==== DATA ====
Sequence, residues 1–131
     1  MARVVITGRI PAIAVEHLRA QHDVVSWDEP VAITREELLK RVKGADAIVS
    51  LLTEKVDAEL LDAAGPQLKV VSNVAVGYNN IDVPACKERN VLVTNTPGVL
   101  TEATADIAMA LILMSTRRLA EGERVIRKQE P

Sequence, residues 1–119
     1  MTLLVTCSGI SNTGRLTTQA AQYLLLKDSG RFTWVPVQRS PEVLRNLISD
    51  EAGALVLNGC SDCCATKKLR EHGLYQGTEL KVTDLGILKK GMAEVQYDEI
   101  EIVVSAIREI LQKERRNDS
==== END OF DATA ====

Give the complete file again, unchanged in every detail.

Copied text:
Sequence, residues 1–131
     1  MARVVITGRI PAIAVEHLRA QHDVVSWDEP VAITREELLK RVKGADAIVS
    51  LLTEKVDAEL LDAAGPQLKV VSNVAVGYNN IDVPACKERN VLVTNTPGVL
   101  TEATADIAMA LILMSTRRLA EGERVIRKQE P

Sequence, residues 1–119
     1  MTLLVTCSGI SNTGRLTTQA AQYLLLKDSG RFTWVPVQRS PEVLRNLISD
    51  EAGALVLNGC SDCCATKKLR EHGLYQGTEL KVTDLGILKK GMAEVQYDEI
   101  EIVVSAIREI LQKERRNDS